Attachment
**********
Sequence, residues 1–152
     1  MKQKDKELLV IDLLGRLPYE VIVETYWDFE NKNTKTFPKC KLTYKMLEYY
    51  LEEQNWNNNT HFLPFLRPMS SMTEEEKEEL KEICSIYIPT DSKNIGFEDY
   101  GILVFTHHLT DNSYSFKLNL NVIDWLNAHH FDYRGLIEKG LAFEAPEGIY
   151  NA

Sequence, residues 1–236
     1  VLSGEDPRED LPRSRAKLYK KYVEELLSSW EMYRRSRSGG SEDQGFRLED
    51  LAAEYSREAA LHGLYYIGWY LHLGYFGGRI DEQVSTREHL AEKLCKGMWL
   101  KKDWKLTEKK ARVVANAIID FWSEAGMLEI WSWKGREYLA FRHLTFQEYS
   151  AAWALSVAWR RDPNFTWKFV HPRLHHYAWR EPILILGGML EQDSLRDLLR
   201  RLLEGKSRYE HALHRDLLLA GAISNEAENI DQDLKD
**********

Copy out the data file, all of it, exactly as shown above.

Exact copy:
Sequence, residues 1–152
     1  MKQKDKELLV IDLLGRLPYE VIVETYWDFE NKNTKTFPKC KLTYKMLEYY
    51  LEEQNWNNNT HFLPFLRPMS SMTEEEKEEL KEICSIYIPT DSKNIGFEDY
   101  GILVFTHHLT DNSYSFKLNL NVIDWLNAHH FDYRGLIEKG LAFEAPEGIY
   151  NA

Sequence, residues 1–236
     1  VLSGEDPRED LPRSRAKLYK KYVEELLSSW EMYRRSRSGG SEDQGFRLED
    51  LAAEYSREAA LHGLYYIGWY LHLGYFGGRI DEQVSTREHL AEKLCKGMWL
   101  KKDWKLTEKK ARVVANAIID FWSEAGMLEI WSWKGREYLA FRHLTFQEYS
   151  AAWALSVAWR RDPNFTWKFV HPRLHHYAWR EPILILGGML EQDSLRDLLR
   201  RLLEGKSRYE HALHRDLLLA GAISNEAENI DQDLKD